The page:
The biggest thing that I've picked up from working here is that working in a hoof stock unit, especially one that includes huge indoor stalls, is completely different from working with carnivores. With the bears and wolves, we spent a significant amount of our time training and providing enrichment, while with the giraffes and kangaroos, almost all of our day is spent cleaning. Both of these exhibits have indoor stalls that need to be stripped, hosed, and scrubbed daily before setting them back up for the night. It's definitely a lot of work!

Thursday, August 13, 2015

See you China



Name: Kelly Jackson
Class/Year: Class of 2017, Junior
Hometown: Waterford, Wisconsin
Location: Chengdu, Sichuan Province, China
Internship: Animal Behavior Research

            What a crazy last few weeks Macie and I had in Chengdu! First off, I met one of the sweetest girls at the panda base! Her name was Shuang, and she had been working at the panda base for about seven months. Her main job at the base was sanitation/ cleaning the areas and assisting the keepers in helping move the pandas, or restrain them for medical purposes. In the future, she hopes to become a dog groomer, and cut their hair for them! We talked about a lot of other things, like our families, where we are from, and our likes/dislikes. She specifically enjoys the song “Call Me Maybe” and started singing it with me! She also thinks Justin Bieber and the Titanic are “hot.” :P Shuang was very interested in different foods we eat in America and social media we have. It was nice for both of us, to practice our Chinese and English. She was so sweet and spent a lot of her time watching the pandas with me too! I am definitely going to miss her! :(
            James, Song Rei, Macie and I went to Dujiangyan to visit Jake, as well as see the four cubs that we were watching before they were relocated. The Chengdu Research Base of Giant Panda Breeding Dujiangyan Field Research Center for Giant Pandas, otherwise known as Panda Valley, is a massive, mountainous area where they work on releasing captive pandas into the wild. Compared to the panda base, Panda Valley was so different. There was a lot less people, and fewer pandas available for the public to see. Jake took us on a tour of the facility, showing us how they work with the pandas. It was pretty hot that day, so a lot of the pandas were inside. However, Macie and I did get to see two of the cubs, Xing Yu and Xing Yuen! They were still as cute as they were when they left, and we got to see them playing with each other in their enclosure. :)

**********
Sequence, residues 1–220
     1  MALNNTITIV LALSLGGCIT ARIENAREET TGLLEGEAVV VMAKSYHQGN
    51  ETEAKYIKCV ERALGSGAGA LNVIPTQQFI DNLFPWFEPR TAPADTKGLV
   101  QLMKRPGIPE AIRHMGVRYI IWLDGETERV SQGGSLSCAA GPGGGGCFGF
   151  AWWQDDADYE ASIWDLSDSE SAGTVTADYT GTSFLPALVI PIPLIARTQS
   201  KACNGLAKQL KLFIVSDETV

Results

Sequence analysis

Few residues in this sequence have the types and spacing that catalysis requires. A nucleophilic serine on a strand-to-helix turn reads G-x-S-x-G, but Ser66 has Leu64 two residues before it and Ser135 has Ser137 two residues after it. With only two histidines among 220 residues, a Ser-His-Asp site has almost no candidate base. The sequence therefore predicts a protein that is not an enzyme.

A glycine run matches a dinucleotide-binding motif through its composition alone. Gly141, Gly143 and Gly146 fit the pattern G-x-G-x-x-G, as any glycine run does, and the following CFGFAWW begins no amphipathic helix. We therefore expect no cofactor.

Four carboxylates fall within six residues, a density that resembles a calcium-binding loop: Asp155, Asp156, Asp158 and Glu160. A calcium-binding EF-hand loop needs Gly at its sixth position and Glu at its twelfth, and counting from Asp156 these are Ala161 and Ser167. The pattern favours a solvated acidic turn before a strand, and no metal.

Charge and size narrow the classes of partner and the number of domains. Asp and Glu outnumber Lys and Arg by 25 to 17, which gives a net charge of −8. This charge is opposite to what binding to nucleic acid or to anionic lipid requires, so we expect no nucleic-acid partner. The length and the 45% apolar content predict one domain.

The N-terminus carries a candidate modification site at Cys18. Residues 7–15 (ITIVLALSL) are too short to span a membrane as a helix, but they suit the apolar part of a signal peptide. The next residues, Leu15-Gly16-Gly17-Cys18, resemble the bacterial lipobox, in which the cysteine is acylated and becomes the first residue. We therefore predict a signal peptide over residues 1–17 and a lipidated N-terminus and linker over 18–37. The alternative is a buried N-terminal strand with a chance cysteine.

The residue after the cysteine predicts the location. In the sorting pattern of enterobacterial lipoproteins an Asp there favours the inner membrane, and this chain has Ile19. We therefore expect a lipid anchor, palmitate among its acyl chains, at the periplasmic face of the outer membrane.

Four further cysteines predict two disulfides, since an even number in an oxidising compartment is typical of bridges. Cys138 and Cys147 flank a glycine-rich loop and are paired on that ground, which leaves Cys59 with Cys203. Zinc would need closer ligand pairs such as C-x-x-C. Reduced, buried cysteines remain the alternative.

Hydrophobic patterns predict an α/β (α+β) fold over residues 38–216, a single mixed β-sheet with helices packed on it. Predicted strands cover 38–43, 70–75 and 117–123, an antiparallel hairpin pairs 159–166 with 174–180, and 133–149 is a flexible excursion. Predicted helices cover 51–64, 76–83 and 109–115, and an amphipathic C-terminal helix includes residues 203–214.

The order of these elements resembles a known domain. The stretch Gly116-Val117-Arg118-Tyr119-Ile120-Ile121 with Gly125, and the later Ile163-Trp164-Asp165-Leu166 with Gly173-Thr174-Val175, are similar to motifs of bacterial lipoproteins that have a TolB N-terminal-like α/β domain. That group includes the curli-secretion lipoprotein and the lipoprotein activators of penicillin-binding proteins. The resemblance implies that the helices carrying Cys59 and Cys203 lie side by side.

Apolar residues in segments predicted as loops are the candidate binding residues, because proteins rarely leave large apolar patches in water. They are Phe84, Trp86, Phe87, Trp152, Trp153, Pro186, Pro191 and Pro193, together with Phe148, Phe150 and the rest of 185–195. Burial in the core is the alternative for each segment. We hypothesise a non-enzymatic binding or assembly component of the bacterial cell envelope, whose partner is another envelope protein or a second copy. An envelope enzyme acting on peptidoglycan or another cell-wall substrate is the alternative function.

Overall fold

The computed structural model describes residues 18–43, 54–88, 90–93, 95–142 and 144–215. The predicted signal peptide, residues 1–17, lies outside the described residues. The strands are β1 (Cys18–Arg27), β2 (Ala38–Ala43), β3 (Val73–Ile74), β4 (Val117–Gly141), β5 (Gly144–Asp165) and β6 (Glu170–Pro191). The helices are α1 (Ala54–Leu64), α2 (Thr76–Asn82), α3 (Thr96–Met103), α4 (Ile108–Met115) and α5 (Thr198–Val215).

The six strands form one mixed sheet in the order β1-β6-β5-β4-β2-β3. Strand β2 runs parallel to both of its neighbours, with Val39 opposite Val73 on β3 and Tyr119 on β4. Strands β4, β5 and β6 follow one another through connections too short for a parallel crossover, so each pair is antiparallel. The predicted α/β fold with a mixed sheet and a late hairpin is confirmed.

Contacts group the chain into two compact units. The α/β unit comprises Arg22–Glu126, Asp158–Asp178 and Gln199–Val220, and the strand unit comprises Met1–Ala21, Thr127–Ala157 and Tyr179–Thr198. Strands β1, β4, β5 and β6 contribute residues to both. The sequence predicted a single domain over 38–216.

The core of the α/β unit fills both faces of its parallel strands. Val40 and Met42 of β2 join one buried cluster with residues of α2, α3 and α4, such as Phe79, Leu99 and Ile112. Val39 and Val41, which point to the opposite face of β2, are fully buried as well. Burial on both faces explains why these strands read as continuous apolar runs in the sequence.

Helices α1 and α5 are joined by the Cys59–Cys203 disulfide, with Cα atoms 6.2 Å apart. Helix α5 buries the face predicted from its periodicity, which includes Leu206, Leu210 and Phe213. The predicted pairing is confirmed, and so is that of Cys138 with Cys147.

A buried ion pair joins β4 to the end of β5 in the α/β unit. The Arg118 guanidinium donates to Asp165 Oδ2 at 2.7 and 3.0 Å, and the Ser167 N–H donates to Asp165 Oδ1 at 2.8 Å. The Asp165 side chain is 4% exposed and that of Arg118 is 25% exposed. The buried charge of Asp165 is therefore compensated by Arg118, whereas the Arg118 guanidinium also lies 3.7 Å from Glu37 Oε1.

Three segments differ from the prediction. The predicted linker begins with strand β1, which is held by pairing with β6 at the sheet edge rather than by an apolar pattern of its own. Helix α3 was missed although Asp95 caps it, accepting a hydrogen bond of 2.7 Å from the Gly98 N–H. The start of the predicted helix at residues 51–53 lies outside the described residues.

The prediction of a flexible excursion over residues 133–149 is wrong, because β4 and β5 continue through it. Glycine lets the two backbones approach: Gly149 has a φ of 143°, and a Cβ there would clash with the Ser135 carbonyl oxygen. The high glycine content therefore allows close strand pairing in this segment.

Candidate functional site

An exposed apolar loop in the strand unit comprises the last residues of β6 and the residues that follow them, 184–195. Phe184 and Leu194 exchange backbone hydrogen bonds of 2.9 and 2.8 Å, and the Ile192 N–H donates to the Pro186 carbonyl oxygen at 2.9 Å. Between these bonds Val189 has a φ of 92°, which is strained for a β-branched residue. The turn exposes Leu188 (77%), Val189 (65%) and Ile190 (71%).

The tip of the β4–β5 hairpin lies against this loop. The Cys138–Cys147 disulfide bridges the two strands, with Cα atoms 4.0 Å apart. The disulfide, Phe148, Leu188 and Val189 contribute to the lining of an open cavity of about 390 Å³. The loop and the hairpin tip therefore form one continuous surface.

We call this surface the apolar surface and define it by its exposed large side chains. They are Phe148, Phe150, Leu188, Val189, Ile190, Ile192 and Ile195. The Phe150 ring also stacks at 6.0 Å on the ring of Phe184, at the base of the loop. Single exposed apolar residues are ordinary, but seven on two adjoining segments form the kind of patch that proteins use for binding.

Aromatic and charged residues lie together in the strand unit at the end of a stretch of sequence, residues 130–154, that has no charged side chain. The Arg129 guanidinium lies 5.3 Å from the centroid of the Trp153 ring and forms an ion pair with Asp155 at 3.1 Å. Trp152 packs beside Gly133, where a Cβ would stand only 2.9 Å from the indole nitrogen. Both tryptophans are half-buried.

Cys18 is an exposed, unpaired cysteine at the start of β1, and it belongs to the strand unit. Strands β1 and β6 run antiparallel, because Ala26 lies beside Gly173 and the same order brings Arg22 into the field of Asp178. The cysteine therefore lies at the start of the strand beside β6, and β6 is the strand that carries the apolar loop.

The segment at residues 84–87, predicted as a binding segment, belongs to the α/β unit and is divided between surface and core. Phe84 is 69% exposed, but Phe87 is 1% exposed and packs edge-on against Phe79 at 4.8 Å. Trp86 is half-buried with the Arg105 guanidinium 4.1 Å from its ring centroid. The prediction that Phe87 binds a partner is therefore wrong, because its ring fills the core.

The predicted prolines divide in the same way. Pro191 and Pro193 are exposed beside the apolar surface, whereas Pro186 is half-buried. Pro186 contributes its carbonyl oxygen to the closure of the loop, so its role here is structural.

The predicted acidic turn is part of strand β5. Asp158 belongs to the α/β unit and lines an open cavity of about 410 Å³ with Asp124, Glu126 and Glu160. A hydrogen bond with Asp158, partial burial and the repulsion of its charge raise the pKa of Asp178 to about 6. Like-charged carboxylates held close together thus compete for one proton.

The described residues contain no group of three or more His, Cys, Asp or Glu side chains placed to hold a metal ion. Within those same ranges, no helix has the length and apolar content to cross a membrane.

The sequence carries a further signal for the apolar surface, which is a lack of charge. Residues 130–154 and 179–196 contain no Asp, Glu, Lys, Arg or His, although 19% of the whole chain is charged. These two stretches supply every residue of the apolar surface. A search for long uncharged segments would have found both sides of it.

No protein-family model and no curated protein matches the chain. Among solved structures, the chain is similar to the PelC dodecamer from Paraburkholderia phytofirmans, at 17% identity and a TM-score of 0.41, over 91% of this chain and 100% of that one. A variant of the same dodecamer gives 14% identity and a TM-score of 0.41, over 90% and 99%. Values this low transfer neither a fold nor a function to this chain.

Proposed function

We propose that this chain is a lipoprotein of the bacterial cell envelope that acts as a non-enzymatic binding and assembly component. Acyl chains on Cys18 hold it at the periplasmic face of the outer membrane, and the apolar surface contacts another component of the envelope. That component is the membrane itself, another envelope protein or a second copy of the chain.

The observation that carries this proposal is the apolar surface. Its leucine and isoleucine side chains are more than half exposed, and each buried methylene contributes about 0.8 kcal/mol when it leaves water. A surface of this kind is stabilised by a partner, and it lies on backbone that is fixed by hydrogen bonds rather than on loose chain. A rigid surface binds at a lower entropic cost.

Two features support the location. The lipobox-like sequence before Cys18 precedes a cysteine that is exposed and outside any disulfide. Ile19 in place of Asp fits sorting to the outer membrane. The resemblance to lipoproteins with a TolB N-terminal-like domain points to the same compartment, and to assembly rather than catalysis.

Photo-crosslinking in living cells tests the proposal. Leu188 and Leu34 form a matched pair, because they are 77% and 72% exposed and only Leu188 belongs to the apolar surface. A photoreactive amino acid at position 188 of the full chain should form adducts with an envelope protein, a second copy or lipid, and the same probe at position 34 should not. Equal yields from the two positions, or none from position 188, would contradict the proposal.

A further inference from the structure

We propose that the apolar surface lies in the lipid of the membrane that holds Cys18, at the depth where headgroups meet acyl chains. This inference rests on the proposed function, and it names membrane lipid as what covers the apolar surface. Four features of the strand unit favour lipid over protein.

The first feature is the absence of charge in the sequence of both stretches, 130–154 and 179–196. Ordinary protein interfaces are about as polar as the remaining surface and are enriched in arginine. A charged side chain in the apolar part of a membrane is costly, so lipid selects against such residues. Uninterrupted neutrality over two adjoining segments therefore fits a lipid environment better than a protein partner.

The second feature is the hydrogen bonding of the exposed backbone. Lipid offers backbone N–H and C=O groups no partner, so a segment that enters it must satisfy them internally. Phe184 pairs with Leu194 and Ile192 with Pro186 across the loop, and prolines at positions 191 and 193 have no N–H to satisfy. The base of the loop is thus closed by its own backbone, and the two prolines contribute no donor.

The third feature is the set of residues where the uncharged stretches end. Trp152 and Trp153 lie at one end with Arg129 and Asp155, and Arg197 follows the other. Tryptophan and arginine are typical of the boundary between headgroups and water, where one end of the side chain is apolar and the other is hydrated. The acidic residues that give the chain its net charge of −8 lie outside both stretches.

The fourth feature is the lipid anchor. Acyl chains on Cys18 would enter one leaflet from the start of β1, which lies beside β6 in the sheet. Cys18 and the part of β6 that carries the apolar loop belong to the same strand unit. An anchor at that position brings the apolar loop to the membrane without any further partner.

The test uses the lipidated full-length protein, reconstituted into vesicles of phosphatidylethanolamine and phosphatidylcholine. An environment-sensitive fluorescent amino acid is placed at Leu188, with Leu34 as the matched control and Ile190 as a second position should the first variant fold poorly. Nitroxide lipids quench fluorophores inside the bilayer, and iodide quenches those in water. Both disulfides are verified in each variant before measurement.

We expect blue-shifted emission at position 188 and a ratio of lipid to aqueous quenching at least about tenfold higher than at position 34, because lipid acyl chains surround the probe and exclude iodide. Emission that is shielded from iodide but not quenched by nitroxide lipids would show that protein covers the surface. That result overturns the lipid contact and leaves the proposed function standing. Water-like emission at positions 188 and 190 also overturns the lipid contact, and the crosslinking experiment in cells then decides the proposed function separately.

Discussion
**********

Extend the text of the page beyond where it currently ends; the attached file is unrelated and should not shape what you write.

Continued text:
After our tour with Jake, we all decided to go on a walk up towards the mountain. There was a paved path that we walked along for almost a half an hour. The view was absolutely breath taking. As we walked, we saw a lot of interesting things. There was a cave that was at least twenty degrees cooler than the temperature outside, and rivers that winded next to the path. We also saw tons of wildlife! There were several butterflies, a few birds, salamanders, lizards, and even snakes! I also got to hold a little crab too! It was so neat! :D
The last couple of days at the panda base, Macie and I spent a good portion of our time compiling our data together, and double checking to see if everything was entered correctly. We also had time to watch a few more sessions of our little cubs. We took tons of pictures with all of our friends and all of the pandas. On our last day Macie and I gave gifts to all of the people who have helped us so far. We got to watch James train several pandas for one of the intern’s projects. He is going to see if pandas can recognize a smile versus a frown. It will be interesting to see the results of it!
Thursday we headed out for our last adventure in China! James, his girlfriend Delia, Macie, and I all went to Mt. Emei. It is about a two hour bus ride from Chengdu and a very touristy area for foreigners. We stayed at a cute hotel called “The Teddy Bear.” And yes, the rooms were covered in teddy bears. After we checked in, we went hiking around the lower part of the mountain. Mt. Emei is the spot where monkey-style kung fu was invented and practiced so there was a lot of historical information about it. We visited a few temples, one of them being the temple of 500 Arhats. Delia was explaining to us that you pick your favorite Arhat, and then count your age down the line. Whichever arhat you land on is your number then! Mine was number 273! I loved looking at all the different statues there. :)